Does your business work on projects that take longer than a year to complete? Recognizing revenue from long-term projects usually requires use of the “percentage-of-completion” method. Here’s an overview of when it’s required and how it works.
Completed contract vs. percentage-of-completion
Homebuilders, developers, creative agencies, engineering firms and others who perform work on long-term contracts typically report financial performance using two methods:
- Completed contract. Under this method, revenue and expenses are recorded upon completion of the contract terms.
- Percentage-of-completion. This method ties revenue recognition to the incurrence of job costs.
If “sufficiently dependable” estimates can be made, companies must use the latter, more-complicated method, under U.S. Generally Accepted Accounting Principles (GAAP). And, if your business uses the percentage-of-completion method for financial reporting purposes, you’ll usually need to follow suit for tax purposes.
The federal tax code provides an exception to using the percentage-of-completion method for certain small contractors with average gross receipts of $25 million or less over the last three years. This amount is adjusted annually for inflation. For 2023, the inflation-adjusted figure is $29 million.
In general, companies that use the percentage-of-completion method report income earlier than those that use the completed contract method. To estimate the percentage complete, companies typically compare the actual costs incurred to expected total costs. Alternatively, some may opt to estimate the percentage complete with an annual completion factor.
The IRS requires detailed documentation to support estimates used in the percentage-of-completion method. In addition, the application of the percentage-of-completion method may be complicated by job cost allocation policies, change orders and changes in estimates.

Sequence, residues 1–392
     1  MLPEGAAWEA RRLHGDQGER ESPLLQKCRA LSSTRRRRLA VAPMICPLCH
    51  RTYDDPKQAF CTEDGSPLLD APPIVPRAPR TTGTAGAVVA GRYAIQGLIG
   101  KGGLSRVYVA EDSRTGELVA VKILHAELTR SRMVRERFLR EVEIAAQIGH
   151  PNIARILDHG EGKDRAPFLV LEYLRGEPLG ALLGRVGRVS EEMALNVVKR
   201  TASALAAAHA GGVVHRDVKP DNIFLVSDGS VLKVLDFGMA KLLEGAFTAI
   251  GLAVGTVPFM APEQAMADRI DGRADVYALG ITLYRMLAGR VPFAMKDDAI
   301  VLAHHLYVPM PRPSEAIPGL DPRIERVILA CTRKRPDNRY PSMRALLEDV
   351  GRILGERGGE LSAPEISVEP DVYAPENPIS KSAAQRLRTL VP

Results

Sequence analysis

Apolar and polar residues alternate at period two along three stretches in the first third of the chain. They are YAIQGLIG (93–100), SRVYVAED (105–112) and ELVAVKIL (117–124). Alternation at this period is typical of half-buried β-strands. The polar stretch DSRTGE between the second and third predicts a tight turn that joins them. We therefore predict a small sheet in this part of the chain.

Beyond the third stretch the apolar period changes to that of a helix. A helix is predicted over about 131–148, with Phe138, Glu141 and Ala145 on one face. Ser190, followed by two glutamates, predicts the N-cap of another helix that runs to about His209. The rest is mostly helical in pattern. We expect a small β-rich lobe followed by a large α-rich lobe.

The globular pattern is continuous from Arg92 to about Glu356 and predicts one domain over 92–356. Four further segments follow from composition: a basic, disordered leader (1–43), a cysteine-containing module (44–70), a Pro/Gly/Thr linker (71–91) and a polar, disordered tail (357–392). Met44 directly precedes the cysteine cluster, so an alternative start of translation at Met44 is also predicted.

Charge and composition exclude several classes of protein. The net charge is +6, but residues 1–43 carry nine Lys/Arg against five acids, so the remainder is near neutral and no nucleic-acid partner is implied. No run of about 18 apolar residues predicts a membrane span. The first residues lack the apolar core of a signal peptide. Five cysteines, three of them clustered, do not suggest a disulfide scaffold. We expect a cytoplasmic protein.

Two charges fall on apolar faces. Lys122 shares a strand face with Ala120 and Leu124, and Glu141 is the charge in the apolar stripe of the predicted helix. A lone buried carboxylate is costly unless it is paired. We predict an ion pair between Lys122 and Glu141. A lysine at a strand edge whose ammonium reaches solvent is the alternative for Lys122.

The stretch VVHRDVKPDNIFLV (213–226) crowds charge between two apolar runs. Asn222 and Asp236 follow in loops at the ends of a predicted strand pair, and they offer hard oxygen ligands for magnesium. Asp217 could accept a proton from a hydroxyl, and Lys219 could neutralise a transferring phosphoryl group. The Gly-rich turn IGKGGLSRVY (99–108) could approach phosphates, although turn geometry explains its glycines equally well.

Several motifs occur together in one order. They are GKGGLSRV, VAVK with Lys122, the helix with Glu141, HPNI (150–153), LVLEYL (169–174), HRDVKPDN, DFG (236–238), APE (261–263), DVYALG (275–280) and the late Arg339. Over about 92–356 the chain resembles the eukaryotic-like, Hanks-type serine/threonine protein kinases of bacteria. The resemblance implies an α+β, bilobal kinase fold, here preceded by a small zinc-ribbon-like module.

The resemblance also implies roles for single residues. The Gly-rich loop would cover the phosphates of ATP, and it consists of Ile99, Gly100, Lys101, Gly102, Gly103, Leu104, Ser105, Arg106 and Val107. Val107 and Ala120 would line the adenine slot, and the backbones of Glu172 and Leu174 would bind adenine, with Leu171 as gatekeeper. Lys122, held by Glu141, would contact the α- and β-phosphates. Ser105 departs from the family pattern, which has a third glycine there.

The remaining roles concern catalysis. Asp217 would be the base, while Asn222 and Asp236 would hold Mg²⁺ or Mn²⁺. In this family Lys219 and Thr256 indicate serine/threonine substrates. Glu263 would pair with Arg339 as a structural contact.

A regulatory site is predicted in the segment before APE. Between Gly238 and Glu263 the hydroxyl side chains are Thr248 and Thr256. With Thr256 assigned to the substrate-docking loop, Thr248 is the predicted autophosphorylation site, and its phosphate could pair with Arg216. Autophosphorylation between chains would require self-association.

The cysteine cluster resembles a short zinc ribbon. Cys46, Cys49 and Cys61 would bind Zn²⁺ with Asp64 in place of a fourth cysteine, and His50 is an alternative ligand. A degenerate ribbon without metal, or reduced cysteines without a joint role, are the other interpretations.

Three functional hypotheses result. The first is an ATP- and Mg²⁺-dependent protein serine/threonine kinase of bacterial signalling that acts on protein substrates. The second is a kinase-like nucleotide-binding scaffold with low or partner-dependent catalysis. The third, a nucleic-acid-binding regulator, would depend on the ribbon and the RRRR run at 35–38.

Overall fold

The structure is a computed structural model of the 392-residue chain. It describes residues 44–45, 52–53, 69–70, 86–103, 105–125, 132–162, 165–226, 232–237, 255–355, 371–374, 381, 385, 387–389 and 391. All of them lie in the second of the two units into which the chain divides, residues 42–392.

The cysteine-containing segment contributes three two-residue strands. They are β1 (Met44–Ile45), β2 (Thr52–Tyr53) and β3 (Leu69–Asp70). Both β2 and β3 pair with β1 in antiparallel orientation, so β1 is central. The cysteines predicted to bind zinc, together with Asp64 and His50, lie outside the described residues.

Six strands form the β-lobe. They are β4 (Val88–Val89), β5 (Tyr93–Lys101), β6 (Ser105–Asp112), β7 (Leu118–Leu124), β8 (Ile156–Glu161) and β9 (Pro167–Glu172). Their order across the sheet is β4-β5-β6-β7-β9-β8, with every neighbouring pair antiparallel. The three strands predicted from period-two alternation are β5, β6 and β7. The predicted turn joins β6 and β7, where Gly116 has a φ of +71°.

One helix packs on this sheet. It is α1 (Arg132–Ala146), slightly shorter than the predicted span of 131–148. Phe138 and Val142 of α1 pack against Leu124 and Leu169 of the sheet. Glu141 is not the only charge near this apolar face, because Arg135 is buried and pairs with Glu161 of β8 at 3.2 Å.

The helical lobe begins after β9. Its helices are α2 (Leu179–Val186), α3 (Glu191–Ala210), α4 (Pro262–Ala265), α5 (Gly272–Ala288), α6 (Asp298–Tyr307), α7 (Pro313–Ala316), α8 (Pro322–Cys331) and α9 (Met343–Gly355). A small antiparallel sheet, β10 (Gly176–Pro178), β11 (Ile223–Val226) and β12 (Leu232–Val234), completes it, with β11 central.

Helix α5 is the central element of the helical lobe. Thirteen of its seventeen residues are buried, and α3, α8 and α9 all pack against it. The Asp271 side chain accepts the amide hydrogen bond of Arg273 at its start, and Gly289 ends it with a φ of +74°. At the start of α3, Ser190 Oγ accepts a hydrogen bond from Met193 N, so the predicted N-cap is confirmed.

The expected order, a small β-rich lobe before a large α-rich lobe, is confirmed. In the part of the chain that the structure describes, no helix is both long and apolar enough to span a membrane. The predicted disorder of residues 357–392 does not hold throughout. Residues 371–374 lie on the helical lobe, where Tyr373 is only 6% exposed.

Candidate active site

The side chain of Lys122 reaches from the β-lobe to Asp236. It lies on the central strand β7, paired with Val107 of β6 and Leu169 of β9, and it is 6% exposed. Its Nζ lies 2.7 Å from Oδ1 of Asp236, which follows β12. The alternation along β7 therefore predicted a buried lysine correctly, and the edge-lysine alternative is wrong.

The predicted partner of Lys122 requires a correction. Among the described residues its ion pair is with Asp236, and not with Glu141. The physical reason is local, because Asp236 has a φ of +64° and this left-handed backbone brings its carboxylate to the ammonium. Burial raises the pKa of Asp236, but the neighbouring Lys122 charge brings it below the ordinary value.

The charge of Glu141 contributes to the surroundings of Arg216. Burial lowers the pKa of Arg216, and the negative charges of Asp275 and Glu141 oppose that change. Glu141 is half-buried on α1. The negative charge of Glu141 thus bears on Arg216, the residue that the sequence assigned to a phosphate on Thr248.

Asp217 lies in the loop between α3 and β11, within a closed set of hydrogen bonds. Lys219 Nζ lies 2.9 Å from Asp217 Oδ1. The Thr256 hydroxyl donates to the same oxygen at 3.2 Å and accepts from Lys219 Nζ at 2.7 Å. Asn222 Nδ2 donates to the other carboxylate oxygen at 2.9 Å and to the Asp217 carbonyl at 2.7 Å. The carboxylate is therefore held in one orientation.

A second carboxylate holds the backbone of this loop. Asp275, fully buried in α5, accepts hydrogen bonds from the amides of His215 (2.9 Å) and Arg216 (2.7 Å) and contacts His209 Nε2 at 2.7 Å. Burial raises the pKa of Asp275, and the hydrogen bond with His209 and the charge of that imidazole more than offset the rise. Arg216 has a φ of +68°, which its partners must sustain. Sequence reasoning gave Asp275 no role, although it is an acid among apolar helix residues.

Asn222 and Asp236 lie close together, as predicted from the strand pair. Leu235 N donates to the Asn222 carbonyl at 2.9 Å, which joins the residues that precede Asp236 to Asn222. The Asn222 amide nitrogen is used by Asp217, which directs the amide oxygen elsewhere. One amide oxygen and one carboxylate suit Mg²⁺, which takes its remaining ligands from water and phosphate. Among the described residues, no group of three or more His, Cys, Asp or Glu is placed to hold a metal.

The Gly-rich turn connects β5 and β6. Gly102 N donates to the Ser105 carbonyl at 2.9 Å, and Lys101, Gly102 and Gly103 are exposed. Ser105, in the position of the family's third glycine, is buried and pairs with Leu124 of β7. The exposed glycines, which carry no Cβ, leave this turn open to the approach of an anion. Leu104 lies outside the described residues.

Balance sheet effects
The percentage-of-completion method can also affect your balance sheet. If you underbill customers based on the percentage of costs incurred, you’ll report an asset for costs in excess of billings. Conversely, if you overbill based on the costs incurred, you’ll report a liability for billings in excess of costs.
For example, suppose you’re working on a $1 million, two-year project. You incur half of the expected costs in Year 1 ($400,000) and bill the customer $450,000. From a cash perspective, it seems like you’re $50,000 ahead because you’ve collected more than the costs you’ve incurred. But you’ve actually underbilled based on the percentage of costs incurred.
So, at the end of Year 1, you’d report $500,000 in revenue, $400,000 in costs, and an asset for costs in excess of billings of $50,000. If you had billed the customer $550,000, however, you’d report a $50,000 liability for billings in excess of costs.
Although the percentage-of-completion method is complicated, if your estimates are reliable, it can provide more current insight into financial performance on long-term contracts. Contact us to help train your staff on how this method works — or we can perform the analysis for you.